how to treat bacteria in mouth

Researchers estimate that around 80 million Americans suffer from halitosis, or bad breath. That’s about 1 in 4 Americans. And the reality is, everyone suffers from bad breath at some point in the day, simply because the environment in our mouths is constantly changing. The question is: How can you stop bad breath before it becomes an embarrassing social issue?

What are the Causes of Bad Breath?

As you go throughout your day eating, drinking, and breathing, the oral cavity is alive and active. Saliva helps soften food and clean the oral cavity. Enzymes start the digestive process. And bacteria form as a result of the initial digestive process. The primary cause of bad breath is a buildup of bacteria that releases noxious odors or gasses. Oral diseases such as gum disease or untreated cavities can also lead to chronic bad breath.

Studies suggest that 80% of bad breath comes from oral hygiene and dental health. So simply keeping the mouth clean should produce better smelling breath. Other causes of bad breath can include acid reflux or issues arising in the stomach. Or internal medical conditions such as diabetes, liver disease, respiratory tract infections and chronic bronchitis

5 Ways You Can Stop Bad Breath in its Tracks

1. Brush Twice a Day and Floss Once

As Dentists, this minimum brushing and flossing guideline is our gold standard for preventing any type of unwanted oral condition or disease. That’s because brushing and flossing remove food debris and plaque before they can begin damaging the teeth and gums. And as we mentioned above, harmful bacteria produced through the eating process are the primary source of bad breath. If you are among those who struggle with chronic halitosis, try brushing 20 minutes after every meal and use toothpaste that contains baking soda.

2. Brush or Scrape Your Tongue

Ridding the mouth of odor-causing bacteria often requires addressing the tongue. The tongue can be a breeding ground for these unwanted, microscopic organisms that cover the surface of the tongue and cause it to look more white than pink. Scraping or brushing your tongue after you brush your teeth or in between meals will go a long way in mitigating bad breath.

3. Hydrate Regularly

Many Americans don’t drink enough water to stay sufficiently hydrated throughout the day. When it comes to your oral cavity, water is an essential ingredient to healthy saliva production. It also helps to flush leftover food debris and bacteria from the mouth. A dry mouth is a mouth that is more prone to bad breath.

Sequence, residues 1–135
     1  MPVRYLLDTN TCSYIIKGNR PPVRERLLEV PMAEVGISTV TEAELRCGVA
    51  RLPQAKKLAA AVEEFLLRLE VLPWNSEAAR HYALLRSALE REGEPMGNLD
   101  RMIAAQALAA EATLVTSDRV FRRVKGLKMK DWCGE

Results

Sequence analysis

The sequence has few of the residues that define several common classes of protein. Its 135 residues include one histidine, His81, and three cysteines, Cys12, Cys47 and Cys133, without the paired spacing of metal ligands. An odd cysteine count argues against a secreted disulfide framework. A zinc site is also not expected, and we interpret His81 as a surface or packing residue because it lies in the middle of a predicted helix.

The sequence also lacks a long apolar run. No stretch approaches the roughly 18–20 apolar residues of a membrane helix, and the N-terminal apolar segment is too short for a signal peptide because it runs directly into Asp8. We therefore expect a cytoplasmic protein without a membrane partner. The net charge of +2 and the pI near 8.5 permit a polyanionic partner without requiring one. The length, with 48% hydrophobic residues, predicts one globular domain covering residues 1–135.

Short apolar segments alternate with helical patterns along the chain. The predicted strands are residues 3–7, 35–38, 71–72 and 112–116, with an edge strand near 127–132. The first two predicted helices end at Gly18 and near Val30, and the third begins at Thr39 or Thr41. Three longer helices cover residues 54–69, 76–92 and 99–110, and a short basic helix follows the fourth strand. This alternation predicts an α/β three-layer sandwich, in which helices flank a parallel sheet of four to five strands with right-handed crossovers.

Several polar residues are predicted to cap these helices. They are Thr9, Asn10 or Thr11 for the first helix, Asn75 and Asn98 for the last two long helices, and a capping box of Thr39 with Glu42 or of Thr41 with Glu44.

4. Chew on a Piece of Xylitol Gum

Chewing mint-flavored xylitol gum has the benefit of a minty-fresh smell and can also reduce the presence of harmful bacteria in the mouth. Xylitol is a naturally occurring sugar that, unlike other sugars, is indigestible by bacteria. Most sugars break down and feed harmful bacteria. Those bacteria then produce acids that eat away at tooth enamel. So chewing xylitol gum that does not feed bacteria means fewer bacteria, and as a result, a more balanced PH, healthier, stronger teeth and a fresher smelling mouth.

5. Visit The Dentist Twice a Year

If you have good oral hygiene and healthy gums and teeth, the minimum number of visits you should be making to your local dentist is two each year, for your biannual cleanings. These visits not only give your teeth a professional cleaning that will leave your smile bright and brilliant, but they are also an opportunity for your dentist to check for any possible developments of oral infection or disease. If you have great oral health and you’re still suffering from bad breath, your dentist can help you identify other possible sources that could be causing your halitosis.

If you live in Flagstaff Arizona and you’re struggling with chronic halitosis or have more questions about how to stop bad breath, schedule an appointment with us today. At Country Club Dental our team is dedicated to providing you with services that result in a smile you can be proud of.  

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